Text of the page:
Synopsis: Research shows that oil palm expansion in Kalangala District, Uganda, has had severe negative effects on food security and the environment. Based on these research results, the Government of Uganda has improved the planning of oil palm expansion in other parts of the country.
Uganda’s Kalangala District consists of 84 islands in Lake Victoria. These islands were once covered with diverse landscapes consisting of savannah, lush green forests and agricultural fields, where farmers would grow a variety of food crops, such as sweet potatoes, cassava and bananas. About two decades ago, however, the central government started acquiring land in the district, among others by buying up land from small landowners. The government then leased the land to a private company, which converted it to oil palm plantations. This was part of an ambitious government programme to grow substitutes for vegetable oil imports. Today, Kalangala’s landscapes are dominated by oil palm, and in the coming years the government plans to further expand oil palm plantations to other parts of the country.
Ecological Trends Alliance (ETA) — TBI’s partner in Uganda — has been researching the impacts of oil palm expansion in Kalangala for several years. They found that biodiversity and other ecosystem services had decreased tremendously, and also discovered numerous injustices, including land grabbing and unfair pricing by the company. Moreover, most local people seemed disappointed with the developmental outcomes of oil palm expansion. For example, although many people could earn income as labourers on the plantations, their access to affordable food products had decreased significantly. Because so many food crops had been replaced by oil palm, Kalangala District could no longer produce enough to feed its own population. As a result, the district became dependent on more expensive food crops that had to be shipped in from the mainland. This showed that the approach to oil palm expansion in Kalangala had many negative effects.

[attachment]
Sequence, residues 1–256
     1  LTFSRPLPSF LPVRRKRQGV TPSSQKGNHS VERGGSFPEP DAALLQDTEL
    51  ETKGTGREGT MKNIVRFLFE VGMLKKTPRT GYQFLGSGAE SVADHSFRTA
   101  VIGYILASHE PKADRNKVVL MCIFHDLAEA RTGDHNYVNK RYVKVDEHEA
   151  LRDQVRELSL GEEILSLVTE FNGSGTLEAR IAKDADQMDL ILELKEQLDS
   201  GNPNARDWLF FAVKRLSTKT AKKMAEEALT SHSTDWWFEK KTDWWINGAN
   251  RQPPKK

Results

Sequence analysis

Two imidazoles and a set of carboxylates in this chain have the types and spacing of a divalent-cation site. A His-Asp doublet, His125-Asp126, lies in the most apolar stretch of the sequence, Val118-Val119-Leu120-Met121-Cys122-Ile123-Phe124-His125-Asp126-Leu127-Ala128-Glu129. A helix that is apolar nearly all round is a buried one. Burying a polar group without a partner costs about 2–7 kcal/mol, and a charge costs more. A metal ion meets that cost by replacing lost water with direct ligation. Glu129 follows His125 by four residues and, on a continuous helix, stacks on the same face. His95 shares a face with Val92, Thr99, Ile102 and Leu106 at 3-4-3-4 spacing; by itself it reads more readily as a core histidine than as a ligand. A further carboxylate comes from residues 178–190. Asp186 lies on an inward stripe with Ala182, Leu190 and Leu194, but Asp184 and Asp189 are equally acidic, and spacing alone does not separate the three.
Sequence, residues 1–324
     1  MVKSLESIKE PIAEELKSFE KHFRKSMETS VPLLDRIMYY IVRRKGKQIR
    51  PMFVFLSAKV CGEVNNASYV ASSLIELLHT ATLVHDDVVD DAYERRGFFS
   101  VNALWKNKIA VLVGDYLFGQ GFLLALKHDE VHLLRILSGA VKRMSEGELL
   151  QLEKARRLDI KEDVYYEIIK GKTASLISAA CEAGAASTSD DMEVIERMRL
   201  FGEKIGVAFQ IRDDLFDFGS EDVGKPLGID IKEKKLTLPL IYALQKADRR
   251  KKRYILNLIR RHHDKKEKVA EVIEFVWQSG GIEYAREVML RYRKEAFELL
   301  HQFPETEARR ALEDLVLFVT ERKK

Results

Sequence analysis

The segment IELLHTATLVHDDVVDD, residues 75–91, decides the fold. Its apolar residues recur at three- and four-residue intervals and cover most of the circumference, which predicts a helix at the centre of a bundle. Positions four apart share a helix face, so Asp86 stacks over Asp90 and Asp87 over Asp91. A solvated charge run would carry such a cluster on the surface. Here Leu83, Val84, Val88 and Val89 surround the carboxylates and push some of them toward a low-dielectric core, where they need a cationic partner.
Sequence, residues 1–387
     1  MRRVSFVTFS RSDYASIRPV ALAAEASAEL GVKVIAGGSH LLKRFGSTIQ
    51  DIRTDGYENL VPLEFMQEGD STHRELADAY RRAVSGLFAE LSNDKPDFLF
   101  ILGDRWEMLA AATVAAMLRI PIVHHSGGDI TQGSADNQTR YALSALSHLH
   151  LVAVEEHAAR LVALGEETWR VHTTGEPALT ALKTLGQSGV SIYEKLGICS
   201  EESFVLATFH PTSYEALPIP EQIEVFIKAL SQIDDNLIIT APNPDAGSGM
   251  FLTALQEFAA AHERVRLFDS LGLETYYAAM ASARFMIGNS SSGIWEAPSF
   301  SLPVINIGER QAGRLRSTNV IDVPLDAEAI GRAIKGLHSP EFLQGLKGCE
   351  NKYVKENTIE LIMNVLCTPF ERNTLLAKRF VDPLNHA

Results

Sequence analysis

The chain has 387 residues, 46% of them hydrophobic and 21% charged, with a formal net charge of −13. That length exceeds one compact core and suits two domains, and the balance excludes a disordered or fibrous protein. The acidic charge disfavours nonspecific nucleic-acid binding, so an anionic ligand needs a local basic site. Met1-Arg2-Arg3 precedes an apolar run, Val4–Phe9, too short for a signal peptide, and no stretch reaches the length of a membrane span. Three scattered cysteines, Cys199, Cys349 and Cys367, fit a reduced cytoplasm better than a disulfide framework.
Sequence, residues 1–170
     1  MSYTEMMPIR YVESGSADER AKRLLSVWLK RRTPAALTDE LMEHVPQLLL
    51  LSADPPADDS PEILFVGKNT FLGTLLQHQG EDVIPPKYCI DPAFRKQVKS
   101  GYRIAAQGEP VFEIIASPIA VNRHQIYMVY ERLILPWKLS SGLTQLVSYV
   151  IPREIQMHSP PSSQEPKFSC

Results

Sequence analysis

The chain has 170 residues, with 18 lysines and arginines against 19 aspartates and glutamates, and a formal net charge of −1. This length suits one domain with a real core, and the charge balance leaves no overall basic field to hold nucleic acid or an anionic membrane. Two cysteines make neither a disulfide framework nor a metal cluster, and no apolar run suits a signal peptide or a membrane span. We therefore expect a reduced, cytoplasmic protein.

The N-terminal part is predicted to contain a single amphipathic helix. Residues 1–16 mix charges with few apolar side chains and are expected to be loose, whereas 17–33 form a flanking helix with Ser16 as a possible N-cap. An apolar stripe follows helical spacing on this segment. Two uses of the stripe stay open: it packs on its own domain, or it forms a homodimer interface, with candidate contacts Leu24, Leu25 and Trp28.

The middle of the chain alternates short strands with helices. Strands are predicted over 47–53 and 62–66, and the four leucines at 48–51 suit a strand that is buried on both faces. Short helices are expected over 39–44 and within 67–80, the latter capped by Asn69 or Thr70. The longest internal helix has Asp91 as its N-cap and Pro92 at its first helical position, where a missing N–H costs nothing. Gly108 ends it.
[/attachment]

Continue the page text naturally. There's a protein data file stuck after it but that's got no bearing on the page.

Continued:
ETA then started to build awareness among the communities in the district, providing them with evidence of negative effects, and empowering people to speak up against oil palm injustices and its further expansion. At the same time, ETA opened up a dialogue with the company, and with government departments at the district and national level. One of the ways they did this was by organizing multi-stakeholder field visits that included representatives of the Ministry of Agriculture, Animal Industry and Fisheries, which is responsible for the country’s oil palm programme. From the field observations, participants could see how uncontrolled expansion had affected the environment and local livelihoods. These field visits had positive results. Although at first the ministry had downplayed the impacts of oil palm on people and environment, their attitude gradually changed.
With this change of attitude, the ministry even started asking ETA for support. Staff from ETA actively engaged with government staff to improve land-use planning and mapping, which are crucial to ensure that oil palm expansion does not take place at the cost of important food production areas and forests. ETA was also asked to provide input to the government’s new oil palm programme document (including its gender strategy), which sets out a better approach to oil palm expansion for the coming years. Under the new programme — which was launched in 2020 — the government can no longer purchase land for private investors. Instead, the emphasis is on organizing communities to produce oil palm on their own lands, while making sure that people still produce enough food locally. Moreover, the programme no longer focuses just on oil palm, but also supports the production of other crops, such as coffee and banana, to ensure a more varied landscape. This is a significant break with the past, and it is hoped that the mistakes made in Kalangala will not be repeated.
This article is part of the TBI Annual review 2020,
due for release in May 2021